The objective of the invention is achieved by creating Z-scheme semiconductor photocatalyst system based on hematite Fe203 and brownmillerite Ca2Fe205 with excellent charge separation (reduced recombination), excellent visible-light harvesting ability and high redox potential. Both Fe203 and Ca2Fe205 consist from earth abundant elements and are narrow band gap semiconductors with band gap energy approximately 2 eV. Moreover, hematite is n-type semiconductor, but brownmillerite is p-type semiconductor, thus providing ohmic contact and avoiding additional synthesis steps for depostion of electronic mediators between two semiconductors in Z-scheme. Hematite and brownmillerite also exhibit proper band gap positions as described below. The system was made using an aqueous synthesis to maintain green chemistry principles.

The Fe203/Ca2Fe205 system of photocatalyst compounds has the following advantages: (i) semiconductors Fe203 and Ca2Fe205 have narrow band gap energy; therefore, they absorb visible light— photocatalytic reactions are possible in sunlight. Using of sunlight serves as a basis for zero energy photocatalysis processes; (ii) Fe203/Ca2Fe205 systems of photocatalyst compounds contain chemical elements widely found in nature - Fe, Ca and O; (iii) Fe203 and Ca2Fe205 semiconductor compounds included in the system are stable in photocatalysis reactions; (iv) Fe203/Ca2Fe205 system of photocatalyst compounds can be generated by using industrialized aqueous-based chemical methods.

The Fe203/Ca2Fe205 system of photocatalyst compounds can be used in photocatalysis processes in visible light: (i) for water purification; (ii) disinfection; (iii) air purification; (iv) sterile surfaces; (v) water splitting; (vi) obtaining chemical compounds from ambient environment C02. Coatings of Fe203/Ca2Fe205 systems of photocatalyst compounds can serve as antibacterial or air purifying surfaces, which operate with indoor lighting.

Fe203/Ca2Fe205 system of photocatalyst compounds can be used both for generation of powder products and in coatings. Powder materials can be used for production of photocatalysis reactors or improvement of already existing photocatalyst reactors,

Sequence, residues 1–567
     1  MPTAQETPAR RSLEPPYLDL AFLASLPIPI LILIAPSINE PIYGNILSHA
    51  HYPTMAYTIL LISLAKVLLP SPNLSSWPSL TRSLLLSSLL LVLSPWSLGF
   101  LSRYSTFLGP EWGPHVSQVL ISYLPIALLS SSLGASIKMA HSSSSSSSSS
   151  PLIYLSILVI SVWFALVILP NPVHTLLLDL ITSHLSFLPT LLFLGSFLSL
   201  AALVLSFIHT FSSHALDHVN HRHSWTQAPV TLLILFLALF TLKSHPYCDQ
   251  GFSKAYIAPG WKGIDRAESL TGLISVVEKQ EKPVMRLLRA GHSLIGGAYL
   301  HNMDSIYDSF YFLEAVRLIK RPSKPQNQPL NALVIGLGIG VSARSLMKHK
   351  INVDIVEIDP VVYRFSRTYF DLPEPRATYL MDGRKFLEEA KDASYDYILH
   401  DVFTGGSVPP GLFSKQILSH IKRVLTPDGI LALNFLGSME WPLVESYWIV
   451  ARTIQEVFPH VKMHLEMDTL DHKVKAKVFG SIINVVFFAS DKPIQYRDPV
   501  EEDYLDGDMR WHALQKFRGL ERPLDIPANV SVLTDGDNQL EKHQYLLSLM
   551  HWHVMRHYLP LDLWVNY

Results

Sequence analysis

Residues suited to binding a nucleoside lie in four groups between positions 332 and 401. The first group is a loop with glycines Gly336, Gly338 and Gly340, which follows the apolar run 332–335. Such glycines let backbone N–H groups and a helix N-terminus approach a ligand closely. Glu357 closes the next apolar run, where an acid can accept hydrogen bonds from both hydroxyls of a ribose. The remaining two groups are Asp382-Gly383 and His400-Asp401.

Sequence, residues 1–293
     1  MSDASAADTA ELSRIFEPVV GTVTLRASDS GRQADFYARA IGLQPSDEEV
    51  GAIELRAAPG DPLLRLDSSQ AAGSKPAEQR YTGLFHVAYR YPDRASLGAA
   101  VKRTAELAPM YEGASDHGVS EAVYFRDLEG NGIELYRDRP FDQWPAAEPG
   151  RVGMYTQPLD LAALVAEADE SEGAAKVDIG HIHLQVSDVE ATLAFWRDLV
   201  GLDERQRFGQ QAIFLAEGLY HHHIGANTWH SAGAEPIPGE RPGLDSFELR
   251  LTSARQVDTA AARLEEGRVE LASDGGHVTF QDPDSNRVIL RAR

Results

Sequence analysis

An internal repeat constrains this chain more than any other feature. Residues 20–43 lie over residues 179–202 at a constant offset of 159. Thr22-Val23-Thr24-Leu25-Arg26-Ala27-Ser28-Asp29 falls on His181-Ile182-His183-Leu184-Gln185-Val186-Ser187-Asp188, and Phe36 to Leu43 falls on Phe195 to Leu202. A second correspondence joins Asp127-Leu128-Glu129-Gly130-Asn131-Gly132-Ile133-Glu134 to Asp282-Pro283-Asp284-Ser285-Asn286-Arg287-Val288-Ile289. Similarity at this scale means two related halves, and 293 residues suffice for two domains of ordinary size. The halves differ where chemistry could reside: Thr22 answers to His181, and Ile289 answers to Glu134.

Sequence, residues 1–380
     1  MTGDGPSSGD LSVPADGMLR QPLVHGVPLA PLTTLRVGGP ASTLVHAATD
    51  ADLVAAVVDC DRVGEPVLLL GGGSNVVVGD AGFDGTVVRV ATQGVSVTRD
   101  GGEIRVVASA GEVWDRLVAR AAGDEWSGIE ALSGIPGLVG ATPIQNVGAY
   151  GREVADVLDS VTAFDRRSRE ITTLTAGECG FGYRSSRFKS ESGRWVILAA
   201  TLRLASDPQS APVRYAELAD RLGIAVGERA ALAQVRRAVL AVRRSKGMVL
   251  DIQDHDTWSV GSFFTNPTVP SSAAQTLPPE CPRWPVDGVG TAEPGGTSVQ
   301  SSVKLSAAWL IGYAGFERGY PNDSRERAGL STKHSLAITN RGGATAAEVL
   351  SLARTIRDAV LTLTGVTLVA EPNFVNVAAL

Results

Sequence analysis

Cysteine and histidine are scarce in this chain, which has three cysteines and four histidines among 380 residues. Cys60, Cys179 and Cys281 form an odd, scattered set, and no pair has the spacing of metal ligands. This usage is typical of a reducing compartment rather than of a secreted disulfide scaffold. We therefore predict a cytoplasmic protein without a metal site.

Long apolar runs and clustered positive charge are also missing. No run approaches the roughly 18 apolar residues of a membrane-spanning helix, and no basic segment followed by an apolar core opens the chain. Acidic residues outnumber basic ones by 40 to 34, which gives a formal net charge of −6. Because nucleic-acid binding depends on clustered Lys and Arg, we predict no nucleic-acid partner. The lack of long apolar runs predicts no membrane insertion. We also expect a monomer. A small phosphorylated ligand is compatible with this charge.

allowing using visible light as the source of light, instead of UV radiation. Sources of visible light radiation consume less energy and are considerably cheaper.

The method for generating Fe203/Ca2Fe2()5 systems of photocatalyst compounds is characteristic with the feature, that iron containing amorphous nano-dimensional sediment suspension is impregnated with Ca by adding Ca containing salt aqueous solution. In next step suspensions are thermally processed: (i) dried at the temperature up to 100°C— sufficient temperature to dry water, continuing the drying process until it is completely dry; (ii) thermally treated at the temperature up to 1100°C for 1 hour. Thermal treatment at higher temperatures than 1100°C can cause reduction of compounds, evaporation of any element or formation of other compounds. Longer thermal treatment process reduces the specific surface, which will reduce the activity of compounds.

Examples for implementation of the invention

Example 1 : powder product is synthesized initially with equal volume proportions: mixing 0.1 M Fe(NC>3)3 9H20 water solution with 0.5 M hexamethylenetetramine solution, obtaining Fe containing amorphous sediments. Sediments are filtered and washed with water. After washing 1 M Ca(N03)2 aqueous solution is filtered through Fe sediment layer (concentrated suspension). Sediments after filtering are dried at the temperature of 60°C for 1 hour and are thermally treated at the temperature of 820°C for 20 minutes.

Example 2: during the process of coating synthesis, Fe amorphous layer is placed on a conductive substrate (working electrode) surface by using electrochemical deposition from 0,02 M FeCl2 aqueous solution by using Pt wire as an auxiliary electrode and applying the external circuit potential 1.2V. The obtained layer is immersed in Ca(N03)2 aqueous solution for 1 minute. The coating is dried at the temperature of 60°C for 1 hour and is thermally treated at the temperature of 820°C for 20 minutes.

Sediments for production of powder and coatings are amorphous and dimensions of their separate particles are smaller than 100 nm.